In concluding the interview, O'Donnell also touted McCain as "the maverick McCain," a characterization of McCain that Hardball host Chris Matthews has also used (here and here).

Interview with Biden

O'Donnell also echoed Republican attacks on Democrats during her interview with Biden, adopting the premise -- as she had on the June 19 and 20 editions of Hardball -- that Democrats' disagreement over how soon to withdraw U.S. troops from Iraq was a political win for Republicans. As Media Matters previously noted, O'Donnell suggested that Democratic divisions on Iraq "reinforce the idea that Democrats are weak on national security," and "hand[] the Republicans a political weapon" to use against them.

But as Media Matters also noted, the backers of two Democratic amendments to a defense bill for troop withdrawal (which were rejected in the Senate on June 22 by votes of 86-13 and 60-39) are united in their belief that the U.S. should withdraw from Iraq, a position shared by the majority of Americans. O'Donnell has yet to justify her assertion that Republicans benefit from their unified position on the Iraq war, given that the war in Iraq is deeply unpopular, and the GOP plan appears to involve remaining in Iraq indefinitely, but no less than three years.

O'Donnell began her interview of Biden by asking him if he was "embarrassed" that Democrats are "so divided on this issue of the war in Iraq." She then asked him to comment on Kerry's amendment, which she characterized as calling for "an arbitrary timeline for troop withdrawal." O'Donnell also asked Biden if "having a debate" on a timeline for troop withdrawal is "in some ways distracting from the real issue" and "setting the Democrats up for the Republicans to make this argument that you guys are divided." Later, she asked Biden: "[W]hat is it about the Democratic Party ... [w]hat's wrong with the Democratic Party that they can't ... lay out something cohesive ... in order to stand up against what you say is the Republicans' failed policy?" Despite her criticism of the Democrats' lack of a unified plan to deal with the Iraq issue, O'Donnell subsequently criticized Biden for not offering his own plan, in addition to Kerry's amendment.

From the interview:

BIDEN: People say well, why did you put out a plan? People will just shoot at it. I think I have an obligation to lay out what I think has to be done. You've got to purge the existing Iraqi army and police of the --

O'DONNELL: Well then, with all due respect, Senator, why aren't you offering an amendment on that plan, and why isn't your party backing you? Instead, we've got, on the Senate floor, Republicans accusing Democrats of being cut and run Democrats. You have Democratic Senator John Kerry accusing Republicans of wanting to lie and die. Isn't this more important than a bunch of slinging slogans on this issue?

From the June 21 edition of MSNBC's Hardball with Chris Matthews:

O'DONNELL: Senator, let me begin by asking you -- we learned that two U.S. soldiers were mutilated, brutally killed, possibly even beheaded. With news like that, how do you keep a country behind this war?

McCAIN: Well, I think it angers Americans, Norah, that -- and it reveals the face of the enemy and the kind of people we're dealing with. I think it angers Americans, as well as saddens us deeply. And so, perhaps, in some kind of perverse way, it helps us a little bit, but it sure brings home the face of this war.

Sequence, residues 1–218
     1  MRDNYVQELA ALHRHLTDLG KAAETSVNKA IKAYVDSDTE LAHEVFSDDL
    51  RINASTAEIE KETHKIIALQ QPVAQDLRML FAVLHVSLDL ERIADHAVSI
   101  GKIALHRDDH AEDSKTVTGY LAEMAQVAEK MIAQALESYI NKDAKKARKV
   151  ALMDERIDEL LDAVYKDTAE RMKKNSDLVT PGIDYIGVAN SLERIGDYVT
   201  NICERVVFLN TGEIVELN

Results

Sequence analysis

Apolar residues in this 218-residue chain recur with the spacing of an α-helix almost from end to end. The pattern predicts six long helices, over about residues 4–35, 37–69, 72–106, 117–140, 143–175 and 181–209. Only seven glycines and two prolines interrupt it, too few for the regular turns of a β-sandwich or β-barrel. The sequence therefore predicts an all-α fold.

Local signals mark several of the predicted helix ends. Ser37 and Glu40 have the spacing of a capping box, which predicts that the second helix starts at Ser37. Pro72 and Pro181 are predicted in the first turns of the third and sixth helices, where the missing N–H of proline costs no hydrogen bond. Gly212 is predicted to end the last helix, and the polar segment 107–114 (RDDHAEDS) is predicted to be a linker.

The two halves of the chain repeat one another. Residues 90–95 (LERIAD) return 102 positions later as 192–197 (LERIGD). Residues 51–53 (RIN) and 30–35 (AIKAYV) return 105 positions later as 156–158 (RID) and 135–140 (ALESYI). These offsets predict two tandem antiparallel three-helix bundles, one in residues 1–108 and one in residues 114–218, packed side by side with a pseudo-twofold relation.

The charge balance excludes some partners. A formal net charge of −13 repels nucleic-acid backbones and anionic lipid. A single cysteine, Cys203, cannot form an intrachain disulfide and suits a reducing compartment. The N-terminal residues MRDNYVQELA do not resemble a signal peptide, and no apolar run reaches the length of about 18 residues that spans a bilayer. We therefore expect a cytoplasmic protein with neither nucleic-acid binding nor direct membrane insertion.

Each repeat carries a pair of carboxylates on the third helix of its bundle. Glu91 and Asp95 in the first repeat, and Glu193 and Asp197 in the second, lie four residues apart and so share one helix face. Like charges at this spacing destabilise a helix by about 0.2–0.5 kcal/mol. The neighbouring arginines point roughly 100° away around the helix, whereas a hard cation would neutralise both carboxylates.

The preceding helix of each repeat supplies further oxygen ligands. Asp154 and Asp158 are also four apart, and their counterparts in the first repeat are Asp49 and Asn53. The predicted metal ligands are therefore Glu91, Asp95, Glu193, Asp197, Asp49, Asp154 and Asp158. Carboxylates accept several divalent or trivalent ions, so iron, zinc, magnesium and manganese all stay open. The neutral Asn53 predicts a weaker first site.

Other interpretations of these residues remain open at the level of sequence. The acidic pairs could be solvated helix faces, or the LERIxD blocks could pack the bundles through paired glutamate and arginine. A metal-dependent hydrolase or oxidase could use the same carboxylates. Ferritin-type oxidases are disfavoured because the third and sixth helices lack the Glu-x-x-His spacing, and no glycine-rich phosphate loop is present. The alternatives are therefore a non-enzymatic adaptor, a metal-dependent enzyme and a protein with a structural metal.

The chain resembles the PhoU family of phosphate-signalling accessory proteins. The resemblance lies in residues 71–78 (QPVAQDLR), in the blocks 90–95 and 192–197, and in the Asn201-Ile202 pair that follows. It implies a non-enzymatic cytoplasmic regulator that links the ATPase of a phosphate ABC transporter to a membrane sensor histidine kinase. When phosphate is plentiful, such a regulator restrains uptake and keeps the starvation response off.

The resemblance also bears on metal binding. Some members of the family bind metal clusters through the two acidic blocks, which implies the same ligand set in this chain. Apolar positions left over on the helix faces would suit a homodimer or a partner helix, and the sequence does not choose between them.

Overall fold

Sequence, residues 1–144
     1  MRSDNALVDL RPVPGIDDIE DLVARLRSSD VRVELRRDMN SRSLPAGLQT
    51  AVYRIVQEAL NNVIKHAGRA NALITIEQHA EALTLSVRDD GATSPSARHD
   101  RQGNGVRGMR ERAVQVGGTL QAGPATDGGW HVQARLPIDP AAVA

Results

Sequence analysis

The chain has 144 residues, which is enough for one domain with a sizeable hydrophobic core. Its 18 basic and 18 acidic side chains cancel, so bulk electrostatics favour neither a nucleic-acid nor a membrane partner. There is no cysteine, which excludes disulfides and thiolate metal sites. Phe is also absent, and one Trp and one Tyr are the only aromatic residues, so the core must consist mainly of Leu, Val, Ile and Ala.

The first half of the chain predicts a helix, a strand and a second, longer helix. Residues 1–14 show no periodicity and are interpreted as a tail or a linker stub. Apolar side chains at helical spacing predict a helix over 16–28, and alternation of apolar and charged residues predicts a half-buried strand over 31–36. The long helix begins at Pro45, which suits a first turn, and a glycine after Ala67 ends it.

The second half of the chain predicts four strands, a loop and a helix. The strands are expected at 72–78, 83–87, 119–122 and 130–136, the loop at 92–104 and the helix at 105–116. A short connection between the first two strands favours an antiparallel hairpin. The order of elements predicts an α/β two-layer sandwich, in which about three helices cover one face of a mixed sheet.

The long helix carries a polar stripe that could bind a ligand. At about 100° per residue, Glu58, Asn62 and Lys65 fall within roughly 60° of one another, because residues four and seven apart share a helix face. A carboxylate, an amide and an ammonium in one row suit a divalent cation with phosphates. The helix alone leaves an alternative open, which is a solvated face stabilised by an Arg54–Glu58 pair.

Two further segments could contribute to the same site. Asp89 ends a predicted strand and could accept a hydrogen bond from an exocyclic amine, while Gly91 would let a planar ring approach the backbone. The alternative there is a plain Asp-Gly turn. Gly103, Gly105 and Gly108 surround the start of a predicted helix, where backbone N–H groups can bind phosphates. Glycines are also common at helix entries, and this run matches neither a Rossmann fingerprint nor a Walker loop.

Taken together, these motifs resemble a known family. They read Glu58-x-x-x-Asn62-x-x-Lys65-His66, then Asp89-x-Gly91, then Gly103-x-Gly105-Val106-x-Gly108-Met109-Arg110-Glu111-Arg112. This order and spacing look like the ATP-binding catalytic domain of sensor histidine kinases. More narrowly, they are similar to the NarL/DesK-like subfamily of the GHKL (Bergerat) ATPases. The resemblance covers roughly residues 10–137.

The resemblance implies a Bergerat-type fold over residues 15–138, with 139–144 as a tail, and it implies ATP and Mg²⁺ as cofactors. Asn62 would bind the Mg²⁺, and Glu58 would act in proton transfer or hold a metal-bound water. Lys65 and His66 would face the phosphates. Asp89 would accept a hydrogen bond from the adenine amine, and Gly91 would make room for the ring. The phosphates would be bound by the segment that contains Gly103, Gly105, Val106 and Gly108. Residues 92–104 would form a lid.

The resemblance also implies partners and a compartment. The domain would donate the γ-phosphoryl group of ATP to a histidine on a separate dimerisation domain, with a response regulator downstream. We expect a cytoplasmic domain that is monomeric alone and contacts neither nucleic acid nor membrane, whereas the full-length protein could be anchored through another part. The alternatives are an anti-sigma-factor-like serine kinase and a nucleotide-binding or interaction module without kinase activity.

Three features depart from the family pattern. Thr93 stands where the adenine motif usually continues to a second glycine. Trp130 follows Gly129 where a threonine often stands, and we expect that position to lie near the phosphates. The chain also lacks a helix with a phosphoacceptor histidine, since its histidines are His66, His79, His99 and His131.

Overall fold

I think Americans are really divided in their own opinions. Some of them, many of them want us out of Iraq, but most of them don't want us to leave immediately -- and I refuse to use "cut and run" -- but they don't want us to leave immediately, because they understand what would happen if we left immediately. So you've got kind of a schizophrenic attitude here.

[...]

O'DONNELL: You know, Senator, I have to ask you, because as this debate rages, there are a lot of people in your party -- in the Republican Party, who have used the word "cut and run" liberally, accusing Vietnam -- former Vietnam veterans Jack Murtha and John Kerry of being "cut and run" Democrats. Even the president has said that he doesn't need people who would wave the white flag of surrender. Why won't you also use those words?

McCAIN: Because I think the American people are better off with a dignified debate. We should passionately debate this war. American lives are at stake, there's nothing more important to the American people in this country. But we're not enemies. We are not enemies. The enemies are those people that did such a terrible thing to those two young soldiers the day before yesterday. That's what -- that's the enemy, and we should have a respectful debate.

O'DONNELL: So you think those that are using those terms like "cut and run" or like Senator Kerry, "lie and die," those -- they are doing that for political purposes and for November, the election?

McCAIN: No, I just don't think it helps the level of debate. I'm not sure what it contributes. Everybody's free to use whatever language they want to, but I think the American people deserve a debate that's based on our beliefs and our convictions, and I respect their convictions.

O'DONNELL: Well, as a leader in the Senate, as a former military man, a former POW, you say "cut and run" is the wrong way to begin this debate. Have you told the president that? Have you told Karl Rove, "Listen, calling those up here cutters and runners is a bad thing"? Have you told them that?

McCAIN: It's not that, and it's not that phrase. It's the whole tenor of our disagreement with one another, not only on this issue, but other issues. We need --